There's something unusual -- something barely noticeable -- about Shutter Island that sorta got under my skin and wouldn't ease up.
It was the look of the flick. During the first two hours, the cinematography is a real clue to the puzzle presented by this psychological thriller and crime story.
The light is unusual, the colors a bit too thick.
At first I guessed this was due to the story being set in the 1950s. DiCaprio would be doing a Cagney impression, I reasoned, with lots of long drags off a smoke and uses of the phrase: "Yeah, that's right. Ya see!"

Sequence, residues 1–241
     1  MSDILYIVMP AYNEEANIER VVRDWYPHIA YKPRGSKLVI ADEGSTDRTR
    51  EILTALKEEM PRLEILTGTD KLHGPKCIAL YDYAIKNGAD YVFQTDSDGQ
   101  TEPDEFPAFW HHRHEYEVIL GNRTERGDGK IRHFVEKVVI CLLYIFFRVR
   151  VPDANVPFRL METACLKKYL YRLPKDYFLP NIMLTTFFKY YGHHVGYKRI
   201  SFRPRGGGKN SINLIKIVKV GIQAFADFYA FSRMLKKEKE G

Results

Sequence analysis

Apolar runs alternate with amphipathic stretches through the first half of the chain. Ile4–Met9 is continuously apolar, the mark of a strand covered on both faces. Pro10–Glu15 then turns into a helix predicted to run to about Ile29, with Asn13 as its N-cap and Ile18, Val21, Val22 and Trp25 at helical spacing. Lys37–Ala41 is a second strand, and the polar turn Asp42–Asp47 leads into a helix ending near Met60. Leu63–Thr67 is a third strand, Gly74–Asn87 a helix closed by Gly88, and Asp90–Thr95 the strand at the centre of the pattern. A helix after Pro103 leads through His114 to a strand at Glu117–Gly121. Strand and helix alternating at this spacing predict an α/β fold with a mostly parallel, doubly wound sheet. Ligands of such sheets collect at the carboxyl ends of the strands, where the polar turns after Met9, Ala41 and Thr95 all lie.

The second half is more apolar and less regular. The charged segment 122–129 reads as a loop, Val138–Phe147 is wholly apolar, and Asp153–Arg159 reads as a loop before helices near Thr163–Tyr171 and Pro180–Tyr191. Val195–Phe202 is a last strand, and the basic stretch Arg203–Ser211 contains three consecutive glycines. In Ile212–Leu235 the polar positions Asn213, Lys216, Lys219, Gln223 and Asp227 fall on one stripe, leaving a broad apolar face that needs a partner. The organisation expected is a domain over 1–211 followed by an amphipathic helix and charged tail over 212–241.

But I was wrong.
Scorsese's flick, in which U.S. Marshal Teddy Daniels investigates the disappearance of a psychiatric patient from an institution, is more complex and less obvious that one might anticipate. DiCaprio is fine, and co-star Mark Ruffalo is (as usual) terrific. But it's the feel of this movie, highlighted by Scorsese's photographic style, that makes this picture worth seeing.